Lenovo IdeaPad U400 Review

Lenovo’s IdeaPad U400 is a fantastic combination of performance and design.
Lenovo’s IdeaPad U400 is a fantastic combination of performance and design.
Lenovo’s IdeaPad U400 is a fantastic combination of performance and design.

Highs

  • Sturdy, attractive design
  • Large touchpad
  • Runs cool
  • Small for a 14” laptop
  • Excellent overall performance

Lows

  • Glossy, mediocre display
  • So-so battery life
  • Gaming performance could be better

In the eyes of enthusiasts, Lenovo is still known primarily for its ThinkPad line which has carried on IBM’s legacy of rugged, affordable laptops. Lenovo has not neglected its consumer division, however. Instead, the company has aggressively pursued new designs and new products, one of which is the IdeaPad U series. Case in point is the Lenovo U400 which we are reviewing.

The U series is Lenovo’s take on the trendy, high-end laptop market that is dominated by Apple’s MacBook Pro. We reviewed a couple older models in this line over a year ago and found that design and build quality was lacking. Fortunately the tech world moves rather quickly. The entire line has moved on to new models, one of which is the Lenovo U400. While high-end models are priced at well over $1000, the mid-range model we received for review currently is sold on Amazon for $899.

For that reasonable chunk of change you’ll receive a Core i5 processor, Radeon HD 6470M discrete graphics, 6GB of RAM and a 750GB hard drive. Not mind-blowing specifications, but certainly more than your average consumer laptop offers.

It’s not the hardware that will make or break the U400, however. Design and user interface is where the balance of the battle will be fought against Apple’s products as well as Windows laptops like the HP Envy line.

By the Book

The most interesting design decision made by Lenovo in recent U series models is the book-like appearance they’ve been given, which is accomplished by providing them with color-matching lids and bottoms that are rounded along the edge where the display hinge is located.

You’ll have to look at the photos to understand the effect in full, but I can say that it is impressive – though perhaps more sensible on the smaller U260 than on this larger U400 which ends up looking more like a hard-cover magazine. Still, the U400’s exterior is a portrait of elegance and nearly trumps the MacBook in exterior beauty. If only Lenovo’s logo, which is plastered on the lid, was something more interesting than the name of the company.

lenovo-ideapad-u400-review-silver-rear-lid-up-2

Opening the U400 does nothing to end comparisons to the MacBook. Most of the chassis is metallic, which is cold and uninviting at first touch but warms quickly in response to your palms. All of the vertical corners are rounded, but there are hard horizontal edges that can (literally) be a pain.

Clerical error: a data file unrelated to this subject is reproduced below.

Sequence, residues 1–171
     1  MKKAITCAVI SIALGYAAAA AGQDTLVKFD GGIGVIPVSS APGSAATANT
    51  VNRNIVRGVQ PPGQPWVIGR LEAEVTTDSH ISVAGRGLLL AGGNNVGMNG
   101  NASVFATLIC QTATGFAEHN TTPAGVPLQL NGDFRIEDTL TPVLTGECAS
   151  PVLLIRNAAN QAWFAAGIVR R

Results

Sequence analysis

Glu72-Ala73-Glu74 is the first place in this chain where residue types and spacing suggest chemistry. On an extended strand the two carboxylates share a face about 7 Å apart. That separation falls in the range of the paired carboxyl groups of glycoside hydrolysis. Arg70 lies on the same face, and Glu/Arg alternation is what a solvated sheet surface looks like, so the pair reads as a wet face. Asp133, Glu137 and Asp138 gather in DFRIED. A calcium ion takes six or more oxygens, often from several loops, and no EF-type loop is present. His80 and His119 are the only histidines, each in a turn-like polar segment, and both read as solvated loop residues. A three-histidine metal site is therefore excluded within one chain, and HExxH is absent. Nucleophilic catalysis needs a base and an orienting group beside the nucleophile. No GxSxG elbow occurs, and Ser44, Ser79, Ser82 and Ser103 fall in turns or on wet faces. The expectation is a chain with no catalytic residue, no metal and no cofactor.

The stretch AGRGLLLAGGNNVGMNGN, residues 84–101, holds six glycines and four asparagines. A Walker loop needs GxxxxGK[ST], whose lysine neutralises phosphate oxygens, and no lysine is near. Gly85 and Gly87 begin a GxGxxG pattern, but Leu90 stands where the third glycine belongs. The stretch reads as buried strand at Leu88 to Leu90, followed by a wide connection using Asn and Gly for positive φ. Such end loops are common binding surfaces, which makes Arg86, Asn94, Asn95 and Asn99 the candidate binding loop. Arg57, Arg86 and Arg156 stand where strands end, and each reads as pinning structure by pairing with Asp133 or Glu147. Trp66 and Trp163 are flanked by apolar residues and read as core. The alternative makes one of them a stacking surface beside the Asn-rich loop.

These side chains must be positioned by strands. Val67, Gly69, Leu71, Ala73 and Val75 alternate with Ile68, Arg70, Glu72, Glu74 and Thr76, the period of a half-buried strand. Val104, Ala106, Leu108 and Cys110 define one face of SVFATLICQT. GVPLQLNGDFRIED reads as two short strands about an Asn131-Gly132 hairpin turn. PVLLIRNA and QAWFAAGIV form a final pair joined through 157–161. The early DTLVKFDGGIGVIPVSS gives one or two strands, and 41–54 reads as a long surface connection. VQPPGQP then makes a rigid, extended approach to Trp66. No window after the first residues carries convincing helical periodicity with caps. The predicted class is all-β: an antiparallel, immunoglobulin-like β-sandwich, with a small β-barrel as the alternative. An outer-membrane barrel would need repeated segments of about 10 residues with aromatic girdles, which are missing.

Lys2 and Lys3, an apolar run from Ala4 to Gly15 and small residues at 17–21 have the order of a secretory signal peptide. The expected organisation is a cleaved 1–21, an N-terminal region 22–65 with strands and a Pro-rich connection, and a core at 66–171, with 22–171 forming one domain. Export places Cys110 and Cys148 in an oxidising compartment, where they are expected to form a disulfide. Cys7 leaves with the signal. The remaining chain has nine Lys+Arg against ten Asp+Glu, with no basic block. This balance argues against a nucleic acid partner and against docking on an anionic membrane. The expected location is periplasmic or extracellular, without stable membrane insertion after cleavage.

Typing on the Chiclet keyboard quickly feels natural. It’s a little stiff, but there’s plenty of space between each key, which makes touch-typing a breeze. There’s a wealth of palm rest space as well, which means a comfortable long-term typing position isn’t hard to find. My only complaint is the layout which includes some rather small function keys. The right-side Backspace button is particularly small for example.

lenovo-ideapad-u400-review-silver-keyboard

Touchpad quality is similar – almost perfect, but with a minor issue or two. Plenty of space is available, and the glass material used to coat it is pleasing. However, the typical Windows multi-touch skittishness is present and actually a bit worse than some other recent laptops; and at default settings I found the touchpad was so sensitive that it often registered minor movements as mouse input. A little tweaking of the settings largely eliminated this issue, however.

You won’t find many ports spoiling this laptop’s waistline. USB 3.0 is included, along with two more USB 2.0 ports, HDMI and a combo headphone/microphone jack. There’s no card reader, but there is an optical drive which, like a MacBook, ejects via a keyboard function key.

Should’ve Gone Semi-Gloss

At first glance the display seems colorful and bright, two qualities that are always a boon. Though the panel is very glossy, the backlight’s brightness is usually high enough (at maximum) to prevent reflections from being a serious annoyance. Watching several HD YouTube videos left me with a good impression of color reproduction.

However, closer inspection revealed that black level performance is poor. Though gradient test images were mostly smooth, a sudden drop-off in color levels near the extreme dark end of the image reinforced this impression. In most cases this isn’t noticeable, but in dark scenes of movies and dark photos it can be an issue.